It is a place of prayer. “Is any of you in trouble? He should pray” (13); “Pray for each other”(16); “The prayer of a righteous man is powerful and effective” (16). Whatever the need, whatever the trouble, the praying community takes the need in faith to God.

It is a place of praise and worship. “Is anyone happy? Let him sing songs of praise” (13). God manifests his presence in times of praise and worship. In his presence, needs are met, broken hearts find healing, and lives are changed.

It is a place of healing. Church leaders anoint with oil as the community joins together to pray for the sick. Their prayers are not half-hearted or double-minded. They pray prayers of faith and expect God to bring healing.” And the prayer offered in faith will make the sick person well.”

It is a place of honesty and authenticity. People do not cover over their sins or pretend they don’t have problems. The healing community is a place of confession. Often the healing we seek can’t be released until sin is confessed and dealt with. “Confess your sins to each other and pray for each other so that you may be healed.”

A true healing community, as described by James, is a dynamic church that will impact the world they live in. It all begins with people coming in their brokenness and finding Christ to be all they need. Open your heart to Jesus today in a healing community of faith–allow him to meet your deepest needs.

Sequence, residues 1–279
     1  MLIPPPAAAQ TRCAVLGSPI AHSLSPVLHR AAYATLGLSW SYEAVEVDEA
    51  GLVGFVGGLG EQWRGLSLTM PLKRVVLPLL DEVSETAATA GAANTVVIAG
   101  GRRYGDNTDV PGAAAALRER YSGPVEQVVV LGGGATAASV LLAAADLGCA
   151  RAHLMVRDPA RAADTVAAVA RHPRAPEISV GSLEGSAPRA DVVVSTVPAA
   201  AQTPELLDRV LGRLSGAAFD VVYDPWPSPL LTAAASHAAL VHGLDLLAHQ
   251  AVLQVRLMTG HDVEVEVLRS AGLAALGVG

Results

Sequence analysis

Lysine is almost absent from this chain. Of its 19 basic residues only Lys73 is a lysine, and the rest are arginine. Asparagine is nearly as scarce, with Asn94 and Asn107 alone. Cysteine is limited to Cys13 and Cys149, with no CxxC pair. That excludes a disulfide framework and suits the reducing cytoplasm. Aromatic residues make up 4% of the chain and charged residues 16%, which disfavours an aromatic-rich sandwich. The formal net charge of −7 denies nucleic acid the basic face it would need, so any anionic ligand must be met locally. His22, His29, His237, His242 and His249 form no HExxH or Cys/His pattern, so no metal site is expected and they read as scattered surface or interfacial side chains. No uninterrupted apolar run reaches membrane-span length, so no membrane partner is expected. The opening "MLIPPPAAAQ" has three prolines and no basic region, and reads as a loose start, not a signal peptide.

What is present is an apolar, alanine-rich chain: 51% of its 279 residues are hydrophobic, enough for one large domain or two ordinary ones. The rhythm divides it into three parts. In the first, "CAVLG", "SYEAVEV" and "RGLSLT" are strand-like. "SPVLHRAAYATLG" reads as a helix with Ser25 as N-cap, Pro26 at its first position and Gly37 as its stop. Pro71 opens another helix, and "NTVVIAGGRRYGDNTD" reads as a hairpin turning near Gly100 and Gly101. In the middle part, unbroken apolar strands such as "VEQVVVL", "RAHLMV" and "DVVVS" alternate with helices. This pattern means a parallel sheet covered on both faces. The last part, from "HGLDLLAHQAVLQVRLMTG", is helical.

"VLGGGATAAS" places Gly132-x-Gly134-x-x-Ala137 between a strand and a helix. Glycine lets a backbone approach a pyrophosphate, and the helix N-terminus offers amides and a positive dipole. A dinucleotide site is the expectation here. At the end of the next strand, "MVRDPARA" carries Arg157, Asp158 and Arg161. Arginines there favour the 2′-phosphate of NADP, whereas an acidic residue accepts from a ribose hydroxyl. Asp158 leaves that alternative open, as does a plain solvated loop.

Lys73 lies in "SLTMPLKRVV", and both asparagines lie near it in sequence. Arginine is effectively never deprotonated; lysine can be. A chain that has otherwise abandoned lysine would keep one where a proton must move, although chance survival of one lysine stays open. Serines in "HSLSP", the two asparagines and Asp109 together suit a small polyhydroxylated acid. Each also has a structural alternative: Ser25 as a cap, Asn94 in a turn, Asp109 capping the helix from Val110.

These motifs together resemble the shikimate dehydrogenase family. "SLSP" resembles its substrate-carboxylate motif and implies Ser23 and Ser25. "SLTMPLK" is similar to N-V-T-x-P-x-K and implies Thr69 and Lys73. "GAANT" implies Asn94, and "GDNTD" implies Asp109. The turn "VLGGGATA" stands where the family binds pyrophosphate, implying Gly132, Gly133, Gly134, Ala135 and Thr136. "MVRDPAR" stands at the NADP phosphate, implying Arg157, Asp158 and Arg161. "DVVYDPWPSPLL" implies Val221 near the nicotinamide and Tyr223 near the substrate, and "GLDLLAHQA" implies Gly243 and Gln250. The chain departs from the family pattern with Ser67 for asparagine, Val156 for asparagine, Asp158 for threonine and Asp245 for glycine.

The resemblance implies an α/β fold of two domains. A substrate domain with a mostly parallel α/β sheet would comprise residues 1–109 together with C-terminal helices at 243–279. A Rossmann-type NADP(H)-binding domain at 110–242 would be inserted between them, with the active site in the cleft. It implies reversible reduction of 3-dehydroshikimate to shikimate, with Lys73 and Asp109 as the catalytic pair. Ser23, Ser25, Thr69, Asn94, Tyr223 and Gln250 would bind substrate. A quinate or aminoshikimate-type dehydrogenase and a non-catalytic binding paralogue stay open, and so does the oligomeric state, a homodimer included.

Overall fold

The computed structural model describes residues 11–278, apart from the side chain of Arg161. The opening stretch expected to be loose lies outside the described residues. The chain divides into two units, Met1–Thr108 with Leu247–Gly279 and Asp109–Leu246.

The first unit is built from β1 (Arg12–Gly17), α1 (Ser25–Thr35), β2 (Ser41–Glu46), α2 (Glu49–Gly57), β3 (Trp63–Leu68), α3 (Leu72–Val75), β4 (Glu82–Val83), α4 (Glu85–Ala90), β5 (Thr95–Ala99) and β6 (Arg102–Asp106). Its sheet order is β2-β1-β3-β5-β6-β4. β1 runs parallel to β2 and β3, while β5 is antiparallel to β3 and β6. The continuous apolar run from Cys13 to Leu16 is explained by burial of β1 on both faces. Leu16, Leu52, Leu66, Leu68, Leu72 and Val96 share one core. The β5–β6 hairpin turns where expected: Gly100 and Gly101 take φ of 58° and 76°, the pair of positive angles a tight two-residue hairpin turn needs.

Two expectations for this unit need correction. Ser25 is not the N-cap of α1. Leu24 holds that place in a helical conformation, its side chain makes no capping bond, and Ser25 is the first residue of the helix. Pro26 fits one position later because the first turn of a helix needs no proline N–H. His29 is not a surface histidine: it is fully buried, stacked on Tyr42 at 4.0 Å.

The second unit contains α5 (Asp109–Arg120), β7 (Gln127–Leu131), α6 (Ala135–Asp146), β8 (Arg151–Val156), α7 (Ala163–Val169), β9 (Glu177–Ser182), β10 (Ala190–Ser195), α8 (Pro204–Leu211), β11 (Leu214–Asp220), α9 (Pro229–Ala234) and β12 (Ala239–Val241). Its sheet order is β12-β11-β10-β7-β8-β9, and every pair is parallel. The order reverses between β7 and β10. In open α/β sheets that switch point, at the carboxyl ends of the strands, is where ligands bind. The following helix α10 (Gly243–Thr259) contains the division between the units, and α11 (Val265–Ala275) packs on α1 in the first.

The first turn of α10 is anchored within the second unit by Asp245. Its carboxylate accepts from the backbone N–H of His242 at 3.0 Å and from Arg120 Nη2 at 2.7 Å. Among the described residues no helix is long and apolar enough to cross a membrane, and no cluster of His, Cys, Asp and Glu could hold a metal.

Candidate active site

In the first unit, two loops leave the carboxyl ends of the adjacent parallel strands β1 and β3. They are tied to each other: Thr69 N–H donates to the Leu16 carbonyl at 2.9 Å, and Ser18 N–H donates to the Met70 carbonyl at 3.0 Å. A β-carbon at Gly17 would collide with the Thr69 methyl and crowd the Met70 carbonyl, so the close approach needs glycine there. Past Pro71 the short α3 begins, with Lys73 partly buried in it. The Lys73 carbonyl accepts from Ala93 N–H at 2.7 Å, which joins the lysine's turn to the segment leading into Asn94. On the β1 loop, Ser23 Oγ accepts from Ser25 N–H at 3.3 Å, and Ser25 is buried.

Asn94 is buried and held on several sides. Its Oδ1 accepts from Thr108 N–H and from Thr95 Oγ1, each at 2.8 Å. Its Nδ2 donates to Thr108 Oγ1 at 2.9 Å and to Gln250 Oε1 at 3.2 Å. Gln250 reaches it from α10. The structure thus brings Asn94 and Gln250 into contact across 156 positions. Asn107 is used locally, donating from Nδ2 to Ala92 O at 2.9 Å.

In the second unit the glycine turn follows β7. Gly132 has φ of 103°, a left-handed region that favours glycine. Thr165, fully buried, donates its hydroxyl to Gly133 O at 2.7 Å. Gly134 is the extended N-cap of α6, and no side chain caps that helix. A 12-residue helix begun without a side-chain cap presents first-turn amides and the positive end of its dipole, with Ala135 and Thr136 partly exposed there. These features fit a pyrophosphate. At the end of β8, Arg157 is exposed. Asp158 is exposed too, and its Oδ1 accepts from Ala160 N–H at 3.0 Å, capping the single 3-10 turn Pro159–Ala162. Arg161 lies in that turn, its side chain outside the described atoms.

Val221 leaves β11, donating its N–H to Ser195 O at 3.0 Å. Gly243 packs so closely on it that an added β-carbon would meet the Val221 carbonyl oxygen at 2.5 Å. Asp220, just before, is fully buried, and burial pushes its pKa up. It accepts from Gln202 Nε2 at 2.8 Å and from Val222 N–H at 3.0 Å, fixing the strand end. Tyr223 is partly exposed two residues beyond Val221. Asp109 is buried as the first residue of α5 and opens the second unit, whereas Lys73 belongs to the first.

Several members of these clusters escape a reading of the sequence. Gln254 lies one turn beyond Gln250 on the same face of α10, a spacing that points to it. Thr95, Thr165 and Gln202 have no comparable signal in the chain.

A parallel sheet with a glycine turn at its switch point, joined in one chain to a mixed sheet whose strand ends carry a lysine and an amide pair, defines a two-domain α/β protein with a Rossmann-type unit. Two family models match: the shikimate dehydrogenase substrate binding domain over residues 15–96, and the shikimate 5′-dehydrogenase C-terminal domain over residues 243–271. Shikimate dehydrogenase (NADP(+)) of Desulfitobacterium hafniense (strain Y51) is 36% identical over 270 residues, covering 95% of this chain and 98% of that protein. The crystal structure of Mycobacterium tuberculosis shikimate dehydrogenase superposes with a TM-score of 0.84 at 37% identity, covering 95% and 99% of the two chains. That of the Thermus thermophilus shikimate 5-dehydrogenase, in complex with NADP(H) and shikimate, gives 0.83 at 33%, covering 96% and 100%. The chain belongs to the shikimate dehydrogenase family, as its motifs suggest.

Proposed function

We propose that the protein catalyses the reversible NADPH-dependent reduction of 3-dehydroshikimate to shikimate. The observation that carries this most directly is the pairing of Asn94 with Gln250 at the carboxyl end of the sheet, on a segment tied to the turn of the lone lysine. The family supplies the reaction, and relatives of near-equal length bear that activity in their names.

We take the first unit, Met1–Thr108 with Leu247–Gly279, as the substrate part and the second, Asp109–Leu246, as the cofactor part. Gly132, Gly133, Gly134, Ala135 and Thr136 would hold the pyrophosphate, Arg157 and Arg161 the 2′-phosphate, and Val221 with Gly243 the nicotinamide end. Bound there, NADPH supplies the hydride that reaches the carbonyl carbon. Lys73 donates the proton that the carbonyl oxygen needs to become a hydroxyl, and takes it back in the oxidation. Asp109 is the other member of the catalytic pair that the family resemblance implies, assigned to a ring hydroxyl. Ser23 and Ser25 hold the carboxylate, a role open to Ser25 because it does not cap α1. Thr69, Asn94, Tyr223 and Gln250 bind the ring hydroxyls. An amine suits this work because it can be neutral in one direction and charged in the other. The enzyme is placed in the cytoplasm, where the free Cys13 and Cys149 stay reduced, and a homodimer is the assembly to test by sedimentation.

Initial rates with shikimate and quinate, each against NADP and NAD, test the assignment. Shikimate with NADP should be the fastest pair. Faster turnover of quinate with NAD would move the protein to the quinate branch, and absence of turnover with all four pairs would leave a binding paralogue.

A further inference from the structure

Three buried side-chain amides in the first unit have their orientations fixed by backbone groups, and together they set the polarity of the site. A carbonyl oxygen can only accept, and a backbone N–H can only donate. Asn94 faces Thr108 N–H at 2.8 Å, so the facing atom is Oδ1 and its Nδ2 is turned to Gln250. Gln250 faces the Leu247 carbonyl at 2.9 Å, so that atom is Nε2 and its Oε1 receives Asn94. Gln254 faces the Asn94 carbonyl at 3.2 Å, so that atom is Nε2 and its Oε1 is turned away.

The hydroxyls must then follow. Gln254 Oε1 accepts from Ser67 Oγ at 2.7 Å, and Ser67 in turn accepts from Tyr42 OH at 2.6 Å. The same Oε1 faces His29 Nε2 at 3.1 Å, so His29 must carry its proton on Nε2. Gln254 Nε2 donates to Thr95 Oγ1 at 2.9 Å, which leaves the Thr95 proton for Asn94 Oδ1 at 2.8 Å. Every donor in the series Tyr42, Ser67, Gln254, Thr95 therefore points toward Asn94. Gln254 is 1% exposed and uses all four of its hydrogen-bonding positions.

Lord, make us a church that provides a place for the broken and hurting to bring their need. Make us a church that prays, and hopes, and expects God to do amazing things. Make us a church that is a place of grace where we feel safe to share our brokenness and sin without fear of shame and condemnation. Make us a place of joyful praise and thanksgiving. Make us a healing community. Amen.

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Lord, Willin’ and the Creek Don’t Rise (Nov 20)

From Open Up Your Heart by Jeff Syverson

November 20

Lord Willin’ and the Creek Don’t Rise 

Today’s Scripture Readings: Psalm 126:1-3 | Ezekiel 40:28-41:26 | James 4:1-17 | Proverbs 28:3-5

Today’s Scripture Focus: James 4:1-17

“Instead you ought to say, ‘If the Lord wills, we will live and do this or that’” (James 4:14 ESV).

I worked for many years with a pastor that had many colorful expressions from his Kentucky upbringing. As I was leaving the church each day, I’d say something like, “See ya.” He’d always reply the same way, “Lord Willin’ and the Creek Don’t Rise.” I just wrote it off as another one of those expressions that I don’t really get, and thought it was probably not worth the energy to pursue.

I remember not longer after that running into this passage in James, and realizing it probably was one key to understanding the: “Lord willin’” part of the expression.

But my first summer preaching at a camp in Eastern Kentucky brought light to the rest of that expression. I had to drive up a creek bed about 1/4 of a mile in order to get to the campground (a creek bed with water that could rise quickly in a rain storm). Then I understood the “creek risin’” part. Sometimes there are unplanned circumstances that keep us from our planned destination. God opens and closes doors. Sometimes unexpected circumstances become “risin’ creeks” that call for a humble readjustment of our plans.